On the other hand, you might feel like you’re letting your boss and/or your co-workers down. You may even feel like if you disappear for a week or two (or four), they’ll realize they don’t need you as much as they thought they did. And everyone wants to feel like they contribute at work, so I’m sure that’s not a good feeling. (Actually, I know it’s not a good feeling because I felt that way while on maternity leave with my two eldest girls.)
So let’s say you decide not to take any paternity leave. Now you’re letting your partner down.
And that brings me to the most important reason I’m sharing all this with you.
Being a Family Man Isn’t Always Socially Acceptable
Why did those new dads feel the need to brag about taking as little paternity leave as possible?
Because the social norms of corporate America discourage the idea that a man should take time off to bond with his new child. A baby.
I mean, why do you need two people to take care of a tiny little baby?
Many people still buy into the notion that a man’s career should come first, before his family.
When the boss needs him, he should be available and responsive.
One of my husband’s bosses once called his cell phone just before we sat down to dinner with our family. Ty answered the phone and said, “I’m having dinner with my family. I’ll find you in the morning.”
His boss was taken off guard and fumbled through an apology. Ty’s reply probably surprised him. Because you’re supposed to hop to when the boss calls.
Another of Ty’s bosses would regularly text after hours about non-urgent issues. Ty would always wait to text back until the morning, but others in his group replied to the boss right away.
I’m not saying all this to toot my husband’s horn, though I am a pretty big fan of the guy.
He learned the hard way through his life experiences that family must come first before career. You don’t live to work. You work to live.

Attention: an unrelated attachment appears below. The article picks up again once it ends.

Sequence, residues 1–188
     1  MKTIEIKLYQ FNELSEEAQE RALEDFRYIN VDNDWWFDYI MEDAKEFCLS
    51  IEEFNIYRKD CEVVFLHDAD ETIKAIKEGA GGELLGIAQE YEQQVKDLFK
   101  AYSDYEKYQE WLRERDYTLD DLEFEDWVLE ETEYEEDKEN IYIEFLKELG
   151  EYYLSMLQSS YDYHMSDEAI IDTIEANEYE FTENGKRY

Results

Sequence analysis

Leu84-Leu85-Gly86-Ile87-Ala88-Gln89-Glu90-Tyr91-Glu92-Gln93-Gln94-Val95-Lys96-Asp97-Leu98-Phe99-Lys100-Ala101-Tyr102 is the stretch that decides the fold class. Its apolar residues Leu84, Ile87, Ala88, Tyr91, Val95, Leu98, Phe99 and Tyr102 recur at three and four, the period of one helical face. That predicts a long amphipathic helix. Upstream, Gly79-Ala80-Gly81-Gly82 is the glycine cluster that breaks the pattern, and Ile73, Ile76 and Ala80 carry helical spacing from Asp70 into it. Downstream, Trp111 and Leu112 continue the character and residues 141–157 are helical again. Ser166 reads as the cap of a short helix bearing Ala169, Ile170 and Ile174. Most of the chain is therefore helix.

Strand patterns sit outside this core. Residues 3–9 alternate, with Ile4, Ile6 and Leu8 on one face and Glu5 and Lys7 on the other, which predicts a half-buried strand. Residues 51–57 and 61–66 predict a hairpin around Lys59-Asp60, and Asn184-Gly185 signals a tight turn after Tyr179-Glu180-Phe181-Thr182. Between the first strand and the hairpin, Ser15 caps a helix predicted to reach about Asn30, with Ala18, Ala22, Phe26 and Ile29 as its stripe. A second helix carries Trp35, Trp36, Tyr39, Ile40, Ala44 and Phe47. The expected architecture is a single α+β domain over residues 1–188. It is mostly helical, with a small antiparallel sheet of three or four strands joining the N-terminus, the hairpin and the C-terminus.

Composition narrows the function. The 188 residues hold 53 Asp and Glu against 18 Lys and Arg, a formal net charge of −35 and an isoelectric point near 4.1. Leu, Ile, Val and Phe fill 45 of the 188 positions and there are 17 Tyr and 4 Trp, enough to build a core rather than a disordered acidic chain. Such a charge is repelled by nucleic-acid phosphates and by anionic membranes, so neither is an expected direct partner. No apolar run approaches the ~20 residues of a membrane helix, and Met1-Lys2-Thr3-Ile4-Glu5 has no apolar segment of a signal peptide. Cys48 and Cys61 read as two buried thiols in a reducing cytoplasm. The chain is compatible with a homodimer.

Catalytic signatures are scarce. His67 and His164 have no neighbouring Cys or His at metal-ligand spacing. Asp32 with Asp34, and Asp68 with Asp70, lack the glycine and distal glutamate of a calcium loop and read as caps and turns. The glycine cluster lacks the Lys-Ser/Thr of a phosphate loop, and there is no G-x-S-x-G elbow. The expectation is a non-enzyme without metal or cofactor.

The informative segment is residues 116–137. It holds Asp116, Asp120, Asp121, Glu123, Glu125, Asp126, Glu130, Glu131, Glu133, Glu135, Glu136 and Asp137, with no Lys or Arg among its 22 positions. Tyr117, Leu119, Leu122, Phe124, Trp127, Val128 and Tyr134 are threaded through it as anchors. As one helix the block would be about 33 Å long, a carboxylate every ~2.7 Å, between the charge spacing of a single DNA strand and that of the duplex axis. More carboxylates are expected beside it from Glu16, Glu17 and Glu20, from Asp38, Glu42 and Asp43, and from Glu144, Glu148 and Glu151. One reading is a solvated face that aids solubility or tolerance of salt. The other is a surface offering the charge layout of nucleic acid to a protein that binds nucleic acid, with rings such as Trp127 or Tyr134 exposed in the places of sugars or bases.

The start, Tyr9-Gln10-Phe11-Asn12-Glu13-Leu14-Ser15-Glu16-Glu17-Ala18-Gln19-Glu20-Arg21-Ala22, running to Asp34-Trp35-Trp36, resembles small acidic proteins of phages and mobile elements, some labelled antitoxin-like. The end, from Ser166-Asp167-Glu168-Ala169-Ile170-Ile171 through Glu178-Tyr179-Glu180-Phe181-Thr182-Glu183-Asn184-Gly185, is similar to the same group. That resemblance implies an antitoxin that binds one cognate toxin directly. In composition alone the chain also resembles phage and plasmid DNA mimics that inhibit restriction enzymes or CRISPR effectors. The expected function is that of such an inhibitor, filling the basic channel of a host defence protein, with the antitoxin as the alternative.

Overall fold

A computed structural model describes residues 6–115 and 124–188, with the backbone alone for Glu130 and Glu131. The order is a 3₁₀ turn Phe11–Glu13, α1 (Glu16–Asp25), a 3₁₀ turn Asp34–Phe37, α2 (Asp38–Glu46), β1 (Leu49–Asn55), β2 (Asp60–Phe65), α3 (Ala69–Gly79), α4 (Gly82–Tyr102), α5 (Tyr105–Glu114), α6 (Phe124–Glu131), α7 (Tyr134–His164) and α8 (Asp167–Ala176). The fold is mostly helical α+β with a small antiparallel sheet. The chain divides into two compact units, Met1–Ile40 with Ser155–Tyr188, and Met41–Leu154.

But his behavior is not the norm in corporate America.
The Icing on the Cake
To be clear, women can be complicit in this “paternity leave is for slackers” mentality, too.
Even when a man has a female boss, she’s not necessarily more understanding.
One dad I know worked in a group with team members in the U.S., Europe, and Asia. The group’s manager — a woman — decided to hold a team-building summit in Europe. Three weeks before this one dad’s wife was due to have a baby.
During the planning stages for the summit, it became clear that his boss expected him to attend.
He said no, that’s too close to my wife’s due date. His boss was taken aback.
She asked, “Well, were your other children born early or late?” Implication: If they were late, you should travel.
If a man doesn’t want to travel for business within the reasonable window when his wife might go into labor, that should be the end of the conversation.
I share this story not to pick on this dad’s boss. It’s just one example to show how so many of us play this “career first” game, especially when it comes to fathers wanting to be there for their families.
What’s the Answer?
Men might not be taking their available paid paternity leave for several reasons, which is a topic for another day. And I haven’t even touched on the ridiculousness of how few men have access to paid leave in the first place.
But the most insidious reason is when a man wants to take his allowed leave but doesn’t because he feels it will damage his reputation at the office.
This cultural norm must change.
Paternity leave is good for your child, good for you as a dad, good for your partner, and good for your relationship. Now and later.
If you want to take your full leave, worrying about your image at work should not stop you.
Because one day, that job will be gone. What’s left will be your child, your partner, and you. Your family.
This Is Your Job As a Dad
If you’re one of those dads who quietly took their full paid paternity leave, or close to it? It’s time for you to speak up.
You don’t have to make a big deal about it, but let’s balance out the paternity leave conversation.
Not only will you be helping your own family, but you’ll be paying it forward to other families too:
“Fathers who take paternity leave make their brothers 15 percent more likely to do the same. Similarly, dads who see their male coworkers take time off are 11 percent more likely to take leave themselves.”
If you take the paid paternity leave available to you, own it. You’re an awesome dad, and the world should know that.
So share your story.
Explain what happened while you were on paternity leave. The bliss of your baby falling asleep on your chest. The agony of your child waking up every hour between midnight and 5:00 am and crying inconsolably. How the time flew by. The paradox of wanting more time but also being relieved to be back at work.
Then talk about what happened when you came back from leave. That you got back in your groove. That you weren’t penalized for putting family first.
Show the world that being an awesome dad is nothing to be ashamed of.